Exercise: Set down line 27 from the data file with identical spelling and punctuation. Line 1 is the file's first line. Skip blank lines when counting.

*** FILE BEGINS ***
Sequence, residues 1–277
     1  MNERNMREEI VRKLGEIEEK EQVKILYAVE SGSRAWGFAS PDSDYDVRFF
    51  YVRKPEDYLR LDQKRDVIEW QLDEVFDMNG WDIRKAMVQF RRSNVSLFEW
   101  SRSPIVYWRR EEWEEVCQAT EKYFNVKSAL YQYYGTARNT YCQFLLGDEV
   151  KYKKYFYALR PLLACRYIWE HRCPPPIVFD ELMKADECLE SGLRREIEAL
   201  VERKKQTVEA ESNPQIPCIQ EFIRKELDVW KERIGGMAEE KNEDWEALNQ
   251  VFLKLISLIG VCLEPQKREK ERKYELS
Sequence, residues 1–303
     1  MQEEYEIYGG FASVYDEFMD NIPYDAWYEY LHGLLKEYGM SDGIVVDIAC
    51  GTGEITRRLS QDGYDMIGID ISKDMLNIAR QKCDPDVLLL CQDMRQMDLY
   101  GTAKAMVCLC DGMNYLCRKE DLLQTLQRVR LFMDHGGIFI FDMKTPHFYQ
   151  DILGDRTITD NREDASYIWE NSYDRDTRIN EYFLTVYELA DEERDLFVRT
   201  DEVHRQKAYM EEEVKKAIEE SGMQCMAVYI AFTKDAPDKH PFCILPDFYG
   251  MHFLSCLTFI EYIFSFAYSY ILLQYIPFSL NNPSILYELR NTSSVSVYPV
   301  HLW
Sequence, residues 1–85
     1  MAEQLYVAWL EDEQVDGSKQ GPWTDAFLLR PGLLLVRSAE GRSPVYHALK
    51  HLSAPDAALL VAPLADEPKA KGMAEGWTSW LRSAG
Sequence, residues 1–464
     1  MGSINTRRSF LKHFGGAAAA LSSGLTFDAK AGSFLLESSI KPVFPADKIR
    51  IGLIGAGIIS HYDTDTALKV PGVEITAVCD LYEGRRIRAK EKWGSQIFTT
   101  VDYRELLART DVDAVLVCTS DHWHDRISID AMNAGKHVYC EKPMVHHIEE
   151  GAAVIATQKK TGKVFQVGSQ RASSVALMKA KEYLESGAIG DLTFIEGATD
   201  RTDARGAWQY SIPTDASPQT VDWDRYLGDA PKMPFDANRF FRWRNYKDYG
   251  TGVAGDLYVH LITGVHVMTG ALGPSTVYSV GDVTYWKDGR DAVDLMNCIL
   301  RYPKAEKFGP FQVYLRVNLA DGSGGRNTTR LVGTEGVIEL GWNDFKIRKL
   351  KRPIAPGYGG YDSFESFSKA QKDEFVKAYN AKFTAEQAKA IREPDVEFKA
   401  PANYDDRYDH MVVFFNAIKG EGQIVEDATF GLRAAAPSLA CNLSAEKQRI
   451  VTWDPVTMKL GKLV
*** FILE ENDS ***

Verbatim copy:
   351  KRPIAPGYGG YDSFESFSKA QKDEFVKAYN AKFTAEQAKA IREPDVEFKA